Monday, December 7, 2009

Angry notary public 22/06/09

Yesterday we went to the Notaio (notary) for the collaboratrice contract. I asked what it meant and he said collaboratrice meant I worked with my husband; I specifically had asked what the legal expectations or fiscal responsibilities were to avoid such a banal explanation. ‘Signora, la vedo poco convinta, you don’t have to sign it if you aren’t sure,’ he said, in a fatigued voice; ‘you guys made the appointment with me, these question are for the commercialista’ … Of course, our accountant (commercialista) just calls mio marito, who doesn’t question anything and hates that I have to check everything. Well, why shouldn’t I? Why is that such a problem? To placate the notary he said, ‘My wife is so distrustful of everything Sicilian, you know, she is Irish and thinks everything works better over there.’ ‘Ah well, you are in Sicily now, here things work a little bit differently,’ said the notaio, handing us the contract.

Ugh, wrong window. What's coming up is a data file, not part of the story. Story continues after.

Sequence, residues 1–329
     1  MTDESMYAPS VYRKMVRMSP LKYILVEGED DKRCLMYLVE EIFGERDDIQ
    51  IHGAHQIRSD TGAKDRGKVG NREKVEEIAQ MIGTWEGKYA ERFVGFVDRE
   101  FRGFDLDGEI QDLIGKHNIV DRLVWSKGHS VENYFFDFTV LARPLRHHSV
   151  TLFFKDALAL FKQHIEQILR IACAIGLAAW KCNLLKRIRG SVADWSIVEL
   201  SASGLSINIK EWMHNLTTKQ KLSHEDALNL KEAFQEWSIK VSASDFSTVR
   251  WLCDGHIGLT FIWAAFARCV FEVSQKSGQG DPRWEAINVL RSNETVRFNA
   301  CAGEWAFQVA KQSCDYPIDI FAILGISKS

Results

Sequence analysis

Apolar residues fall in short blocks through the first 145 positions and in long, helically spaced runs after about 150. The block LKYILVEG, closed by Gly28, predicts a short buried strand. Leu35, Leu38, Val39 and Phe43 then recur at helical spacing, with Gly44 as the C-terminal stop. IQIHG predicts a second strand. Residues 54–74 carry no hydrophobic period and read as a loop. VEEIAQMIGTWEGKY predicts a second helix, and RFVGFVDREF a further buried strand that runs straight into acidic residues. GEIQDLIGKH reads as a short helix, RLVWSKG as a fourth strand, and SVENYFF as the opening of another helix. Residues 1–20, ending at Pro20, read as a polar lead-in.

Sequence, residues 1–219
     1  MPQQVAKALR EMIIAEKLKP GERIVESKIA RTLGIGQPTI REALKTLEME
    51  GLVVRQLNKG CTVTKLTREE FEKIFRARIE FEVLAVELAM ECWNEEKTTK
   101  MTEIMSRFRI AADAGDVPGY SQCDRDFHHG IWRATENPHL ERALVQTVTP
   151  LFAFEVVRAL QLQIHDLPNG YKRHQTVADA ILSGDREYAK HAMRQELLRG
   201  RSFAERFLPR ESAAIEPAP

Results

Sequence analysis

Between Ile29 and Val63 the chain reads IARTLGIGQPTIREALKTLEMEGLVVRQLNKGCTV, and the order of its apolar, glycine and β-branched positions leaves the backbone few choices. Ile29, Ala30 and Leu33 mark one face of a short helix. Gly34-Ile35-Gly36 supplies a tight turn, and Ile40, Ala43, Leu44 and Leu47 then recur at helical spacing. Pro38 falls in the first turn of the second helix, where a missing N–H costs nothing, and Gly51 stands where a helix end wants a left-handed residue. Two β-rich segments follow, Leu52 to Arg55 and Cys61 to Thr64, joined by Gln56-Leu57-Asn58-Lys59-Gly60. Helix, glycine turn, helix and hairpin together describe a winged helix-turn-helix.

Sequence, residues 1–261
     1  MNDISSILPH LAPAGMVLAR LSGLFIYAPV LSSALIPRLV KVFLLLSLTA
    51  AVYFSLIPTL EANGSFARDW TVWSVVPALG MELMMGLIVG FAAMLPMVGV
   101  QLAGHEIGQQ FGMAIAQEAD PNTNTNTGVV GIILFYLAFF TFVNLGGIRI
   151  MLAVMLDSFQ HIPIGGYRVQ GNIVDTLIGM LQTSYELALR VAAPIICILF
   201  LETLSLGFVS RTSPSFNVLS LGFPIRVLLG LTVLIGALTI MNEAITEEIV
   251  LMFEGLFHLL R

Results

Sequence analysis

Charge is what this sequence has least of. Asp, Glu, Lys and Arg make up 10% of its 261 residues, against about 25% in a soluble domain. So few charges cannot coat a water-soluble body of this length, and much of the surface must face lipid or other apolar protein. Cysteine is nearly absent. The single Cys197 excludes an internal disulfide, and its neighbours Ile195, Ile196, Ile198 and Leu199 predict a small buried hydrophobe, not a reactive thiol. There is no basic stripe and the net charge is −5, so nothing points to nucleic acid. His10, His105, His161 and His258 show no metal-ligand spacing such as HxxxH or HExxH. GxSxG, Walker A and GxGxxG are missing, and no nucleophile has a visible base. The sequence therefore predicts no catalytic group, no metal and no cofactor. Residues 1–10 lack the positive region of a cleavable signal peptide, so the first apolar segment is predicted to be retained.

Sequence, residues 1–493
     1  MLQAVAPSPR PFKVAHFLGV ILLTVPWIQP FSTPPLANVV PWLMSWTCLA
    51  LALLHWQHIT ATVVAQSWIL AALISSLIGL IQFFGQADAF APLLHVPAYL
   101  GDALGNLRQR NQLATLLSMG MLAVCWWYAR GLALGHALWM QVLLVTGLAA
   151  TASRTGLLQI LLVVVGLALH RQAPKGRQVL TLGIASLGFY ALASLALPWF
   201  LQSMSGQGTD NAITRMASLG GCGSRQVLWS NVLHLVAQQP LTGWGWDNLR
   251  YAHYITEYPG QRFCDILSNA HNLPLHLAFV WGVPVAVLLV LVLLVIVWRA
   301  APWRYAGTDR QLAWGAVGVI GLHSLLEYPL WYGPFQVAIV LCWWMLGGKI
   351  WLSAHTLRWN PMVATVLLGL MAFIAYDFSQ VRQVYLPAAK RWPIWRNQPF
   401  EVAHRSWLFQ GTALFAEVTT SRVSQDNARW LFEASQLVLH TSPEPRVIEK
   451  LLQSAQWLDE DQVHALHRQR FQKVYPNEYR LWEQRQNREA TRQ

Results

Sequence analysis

Mio marito just signed it straight away, while I read it. ‘Do you read in Italian?’ the notary asked. Of course I do, in fact I spotted a mistake straight away: it said I was an Italian citizen, which of course I am not and hopefully never will be since it doesn’t appear to have many advantages. While I signed the new one the smooth notaio with his swept back hair and open collar raised his voice, ‘Ah allora non ci siamo!’ (‘No, that’s not right!’) I didn’t know if he was referring to the citizenship or my signature, but it soon became clear he wanted all my names as on my passport, and not just my first initial and surname.(‘Maybe in Ireland you can sign like that but not in Italy and you are in Italy now!’ (if you don’t mind), ‘and not in bold mind,’ he shouted, though I hadn’t written it in bold and pointed this out to him. He was getting all volcanic as these people do, no doubt he felt his authority was being challenged.



Lola

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